I love budgeting, but budgets have a bit of a bad reputation. Many people dismiss them as being boring, difficult, restrictive or unnecessary. Chances are, you may be falling for a few of these budgeting myths. They probably come from people who don’t know how to budget properly or understand how powerful budgets can be.
However, I’ve been budgeting in some form or another for as long as I can remember. I’m here to debunk these budgeting myths! Because here’s the truth: budgets are the foundation on which lasting financial freedom is built.
Learning how to budget correctly will honestly change your life and transform your finances. It puts financial freedom within your reach. It’s the main thing that will turn those dreams into a reality – so, get ready for some tough love!
- Budgets are too restrictive
- I’m not good with numbers or at maths so budgeting is too hard
- Budgeting is only for people who are struggling financially or are in debt
- Budgeting isn’t for me, because I make an irregular income
- Being on a budget means I can’t do anything fun
- I pay my bills on time, so I don’t need a budget
- Budgeting is boring and I don’t have time
Budgets are too restrictive
This is probably one of the most common budgeting myths. If your budget is too restrictive, then you’re doing it wrong. It’s as simple as that. A budget is restrictive when it isn’t an accurate and realistic representation of your life and circumstances. And if your budget doesn’t reflect you and your life, it will always fail.
Because money doesn’t spend itself – you spend it. It’s your personality, your circumstances and your life that determine how you spend your money. Therefore, if your budget isn’t a realistic reflection of your life and who you are, it will always be restrictive.
For example, one of the things I’m constantly working on is reducing the amount of comfort spending I do. When I’m stressed, depressed, anxious or upset, I turn to comfort eating to make myself feel better.
I know this about myself. If I don’t allow for eating out when I create my budget, I’m already setting myself up to fail. Because that isn’t how I live my life. I know I’m going to comfort eat, so I allow for it in my budget.
Your budget must always represent your life. Otherwise, you’re just trying to be someone you’re not and live someone else’s life. It shouldn’t surprise you that your budget feels restrictive because it doesn’t make sense for your life. To overcome this, you need a budget that reflects your life, your circumstances and the decisions you make.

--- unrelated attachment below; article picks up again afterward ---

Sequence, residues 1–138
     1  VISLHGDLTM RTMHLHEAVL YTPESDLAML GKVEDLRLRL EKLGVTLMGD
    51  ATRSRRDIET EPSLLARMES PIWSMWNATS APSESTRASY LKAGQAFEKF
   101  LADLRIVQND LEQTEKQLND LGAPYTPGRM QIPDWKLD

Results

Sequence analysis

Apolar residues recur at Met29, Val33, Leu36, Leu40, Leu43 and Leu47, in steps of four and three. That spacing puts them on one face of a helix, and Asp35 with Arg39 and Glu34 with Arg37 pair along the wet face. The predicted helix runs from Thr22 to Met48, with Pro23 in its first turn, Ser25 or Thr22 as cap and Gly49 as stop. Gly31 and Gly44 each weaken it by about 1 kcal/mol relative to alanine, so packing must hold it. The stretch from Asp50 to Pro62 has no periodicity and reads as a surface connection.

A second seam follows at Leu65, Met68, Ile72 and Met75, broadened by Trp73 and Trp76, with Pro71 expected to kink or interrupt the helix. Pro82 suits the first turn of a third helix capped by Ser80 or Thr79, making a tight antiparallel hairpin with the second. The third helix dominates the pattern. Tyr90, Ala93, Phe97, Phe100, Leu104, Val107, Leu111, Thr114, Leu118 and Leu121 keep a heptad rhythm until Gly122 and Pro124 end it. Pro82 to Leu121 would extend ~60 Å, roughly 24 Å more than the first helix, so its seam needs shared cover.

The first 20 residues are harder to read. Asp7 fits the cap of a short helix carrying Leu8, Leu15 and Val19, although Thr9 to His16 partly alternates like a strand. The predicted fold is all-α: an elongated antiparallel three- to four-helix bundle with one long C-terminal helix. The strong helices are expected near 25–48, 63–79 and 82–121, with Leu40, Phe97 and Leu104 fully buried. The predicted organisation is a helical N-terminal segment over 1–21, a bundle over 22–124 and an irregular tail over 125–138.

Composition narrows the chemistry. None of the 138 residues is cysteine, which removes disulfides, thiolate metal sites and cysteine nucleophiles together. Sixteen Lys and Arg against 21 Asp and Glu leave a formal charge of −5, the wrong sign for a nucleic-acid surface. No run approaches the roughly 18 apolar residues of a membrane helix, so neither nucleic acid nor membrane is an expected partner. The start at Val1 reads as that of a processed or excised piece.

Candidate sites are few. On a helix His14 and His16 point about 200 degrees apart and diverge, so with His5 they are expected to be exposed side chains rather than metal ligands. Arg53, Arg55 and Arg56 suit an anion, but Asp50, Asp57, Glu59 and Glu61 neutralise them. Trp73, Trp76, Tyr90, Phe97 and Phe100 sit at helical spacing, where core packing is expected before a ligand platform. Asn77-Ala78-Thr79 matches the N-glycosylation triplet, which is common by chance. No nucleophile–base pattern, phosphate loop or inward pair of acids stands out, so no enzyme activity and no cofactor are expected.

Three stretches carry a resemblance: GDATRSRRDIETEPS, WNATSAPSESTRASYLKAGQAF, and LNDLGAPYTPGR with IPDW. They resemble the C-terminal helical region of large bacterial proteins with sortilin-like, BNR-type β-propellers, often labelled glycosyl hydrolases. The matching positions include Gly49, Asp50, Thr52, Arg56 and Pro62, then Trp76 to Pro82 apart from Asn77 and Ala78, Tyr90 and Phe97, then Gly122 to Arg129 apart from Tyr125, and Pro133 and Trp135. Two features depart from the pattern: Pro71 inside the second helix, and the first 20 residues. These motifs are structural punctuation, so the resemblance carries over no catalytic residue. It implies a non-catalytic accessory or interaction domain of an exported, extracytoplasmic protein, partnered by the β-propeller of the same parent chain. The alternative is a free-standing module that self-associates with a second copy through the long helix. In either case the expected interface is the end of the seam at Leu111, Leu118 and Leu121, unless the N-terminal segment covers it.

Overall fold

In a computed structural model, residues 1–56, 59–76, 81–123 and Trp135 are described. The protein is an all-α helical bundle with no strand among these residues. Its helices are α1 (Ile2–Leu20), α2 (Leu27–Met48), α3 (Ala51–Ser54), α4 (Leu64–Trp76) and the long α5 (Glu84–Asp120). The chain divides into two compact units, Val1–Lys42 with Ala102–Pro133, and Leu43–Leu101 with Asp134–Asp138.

Read more: How to Determine Your Budget Categories
I’m not good with numbers or at maths so budgeting is too hard
And now for some tough love. If you’re going to make excuses with me, you’ll have to do better than this. This is one of the most frustrating budgeting myths, and I can’t wait to debunk it!
Not knowing how to read and understand numbers is all the more reason to create a budget and start learning. I know it might seem easy for me to say – understanding numbers is literally my livelihood. But I’m an accountant, not a numbers whisperer. And I wasn’t born with the ability to understand numbers – I learned how to understand them.
It’s perfectly okay not to know how to read numbers when you first start budgeting. But that doesn’t mean you can’t or shouldn’t learn. If you can’t understand your own money you have no control over it. In order to take control, you need to be able to read and understand your own numbers. You need to educate yourself. You can always ask me questions in the comments or via email!
Use your calculator
Further, I don’t care how “bad” you think you are with numbers and maths. You don’t need to be a mathematician to work a budget. That’s literally what a calculator is for! They were invented to perform calculations. Your job is to understand what the numbers are telling you, to listen, and then to take action. Consider this budgeting myth debunked!
I use calculators and spreadsheets every single day of my life, both at work and at home. I’m not good with numbers. I still count on my fingers! But it doesn’t matter because I use my calculator. Use the calculator on your phone or get started with Google Sheets.
Budgeting is only for people who are struggling financially or are in debt
If you want to be in control of your finances and achieve financial freedom, then you need a budget. Because that’s the truth. Budgeting isn’t only for people who are struggling with money. It isn’t a magic potion that’ll solve all your money problems.
A budget is nothing more than a plan for your money. Not having a budget is like trying to do a puzzle while wearing a blindfold. You’re stumbling around, not knowing what you’re doing. You try to fit the pieces together but you can’t make sense of any of it.
A budget is you telling your money what to do. It’s your plan for how you’re going to spend, save or invest your money. When you create a budget, you’re spending money on paper before you do it in real life. You’re planning how you’re going to put the pieces of the puzzle together. And that’s powerful stuff when you’re chasing financial freedom.
I have no debts but I make budgeting a priority. Because, like you, I spend a lot of time and energy earning my income. I want to decide what to do with it based on what I want for my life. Don’t let budgeting myths hold you back from chasing the financial freedom you’re looking for!